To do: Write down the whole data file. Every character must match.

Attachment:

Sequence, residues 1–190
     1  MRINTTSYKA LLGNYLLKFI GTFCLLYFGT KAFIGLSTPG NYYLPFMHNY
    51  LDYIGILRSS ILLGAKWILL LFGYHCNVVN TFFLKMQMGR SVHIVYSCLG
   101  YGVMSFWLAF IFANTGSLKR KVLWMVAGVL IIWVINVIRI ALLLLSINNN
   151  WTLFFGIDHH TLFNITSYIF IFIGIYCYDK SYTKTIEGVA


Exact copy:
Sequence, residues 1–190
     1  MRINTTSYKA LLGNYLLKFI GTFCLLYFGT KAFIGLSTPG NYYLPFMHNY
    51  LDYIGILRSS ILLGAKWILL LFGYHCNVVN TFFLKMQMGR SVHIVYSCLG
   101  YGVMSFWLAF IFANTGSLKR KVLWMVAGVL IIWVINVIRI ALLLLSINNN
   151  WTLFFGIDHH TLFNITSYIF IFIGIYCYDK SYTKTIEGVA